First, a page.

Cashing in Their Chips: Semiconductor Manufacturers Will Reap Billions from Little-Known CHIPS Act Provision

November 30, 2023

This holiday season, semiconductor manufacturers have a lot to be thankful for.

Under a provision of the CHIPS and Science Act, factories making semiconductors will receive billions of dollars from the U.S. government. Thanks to the Act’s Advanced Manufacturing Investment Tax Credit, also called the 48D tax credit for its section in the Internal Revenue Code, chip makers are eligible for federal corporate income tax credits they can use or cash out.

The CHIPS Act is designed to boost national security and bring manufacturing jobs to the US. But our research indicates taxpayers could be paying billions of dollars more than previously understood to enrich already wealthy corporations.

The 48D tax credit is very generous – 25% of what the companies spend on new manufacturing capacity. By contrast, the federal tax credit for research and development is 6% of qualified expenses. We conservatively estimate the 48D credit will cost the U.S. Treasury between $40 billion and $50 billion, far more than the $24 billion initially estimated by Congress’s Joint Committee on Taxation. Ten manufacturing facilities will receive over a billion dollars each.

This windfall for semiconductor manufacturers is above and beyond the Act’s $39 billion CHIPS Incentives grant program and the $13 billion “Hubs of Innovation” program that will feed companies’ talent pipelines. And it doesn’t include another $15 billion in state and local subsidies to the same corporations.

Close-up of semiconductor microchip
Source: Unsplash, Manuel

Because the 48D credits are “as of right,” their costs will not be disclosed publicly, and neither will the names of recipients. Semiconductor manufacturers won’t have to apply for them; they’ll just claim the credits on their federal tax returns, which the IRS holds in secret.

As of August 2023, the Semiconductor Industry Association had mapped $227 billion in spending on new or expanded facilities for microchip manufacturing, while the White House cited $231 billion in new investment. Not all of that spending will qualify for the 25% tax credit, but it is clear the combined tax credits for these investments will far exceed the $24 billion allocated by Congress and outstrip the better-known CHIPS Incentives grants.

The cost to the taxpayer is astounding – over a million dollars per job for the top dozen. For example, NXP Semiconductor’s planned expansion in Austin could yield $4.9 billion in federal tax credits for just 800 new jobs, which could cost taxpayers over $6 million for each job created.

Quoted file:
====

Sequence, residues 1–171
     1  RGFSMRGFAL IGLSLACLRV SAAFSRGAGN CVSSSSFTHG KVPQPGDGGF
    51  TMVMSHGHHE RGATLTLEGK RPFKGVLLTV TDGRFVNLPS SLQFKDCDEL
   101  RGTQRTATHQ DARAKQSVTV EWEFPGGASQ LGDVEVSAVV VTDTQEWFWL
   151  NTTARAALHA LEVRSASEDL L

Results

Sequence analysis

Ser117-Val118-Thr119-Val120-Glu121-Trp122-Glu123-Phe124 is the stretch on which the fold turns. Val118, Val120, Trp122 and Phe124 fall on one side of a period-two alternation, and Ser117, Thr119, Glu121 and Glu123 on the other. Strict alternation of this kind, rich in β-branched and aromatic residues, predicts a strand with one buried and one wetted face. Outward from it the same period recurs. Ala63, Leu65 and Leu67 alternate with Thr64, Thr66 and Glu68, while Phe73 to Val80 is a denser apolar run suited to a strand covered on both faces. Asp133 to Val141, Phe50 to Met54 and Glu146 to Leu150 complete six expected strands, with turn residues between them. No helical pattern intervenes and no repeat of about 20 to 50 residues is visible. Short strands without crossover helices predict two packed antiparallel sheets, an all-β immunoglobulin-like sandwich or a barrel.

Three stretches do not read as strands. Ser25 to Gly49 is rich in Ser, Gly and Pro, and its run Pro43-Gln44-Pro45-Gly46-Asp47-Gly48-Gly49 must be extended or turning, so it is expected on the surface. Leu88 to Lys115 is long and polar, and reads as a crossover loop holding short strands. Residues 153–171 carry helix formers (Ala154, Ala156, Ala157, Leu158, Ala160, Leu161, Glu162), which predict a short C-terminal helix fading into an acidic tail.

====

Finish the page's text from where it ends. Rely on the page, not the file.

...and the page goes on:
To be sure, these numbers are estimates. Some share of companies’ investment spending will not be eligible for the tax credit, like building and outfitting office space for administrative work. But given the astronomical cost of semiconductor manufacturing equipment, it is likely that the vast majority of these projects’ overall costs will qualify for the tax credit. (A single state-of-the art extreme ultraviolet lithography machine, which is used to make the most advanced chips, costs more than $300 million.)

The Taiwan semiconductor giant Taiwan Semiconductor Manufacturing Corporation (TSMC), which is investing $40 billion in a new plant in Phoenix, Arizona, reportedly anticipates receiving $7 billion to $8 billion in tax credits, suggesting that about 75% of the company’s total investment in the plant will qualify for 48D. Using that back-of-the-envelope metric, all new chip fabs announced so far will cost the federal government about $45 billion in tax credits.

On the other hand, the total cost of 48D may well be higher than our estimate. The 48D credit is available for projects that break ground by New Year’s Eve 2026, so companies still have three years to qualify. It’s quite likely more will: the Department of Commerce’s CHIPS for America office has more than 460 applications on file. The data we use is conservative: it assumes Micron and Intel can claim tax credits on $20 billion in investments for their new fabs in New York and Ohio, but both companies have announced plans to spend $100 billion on their respective factories.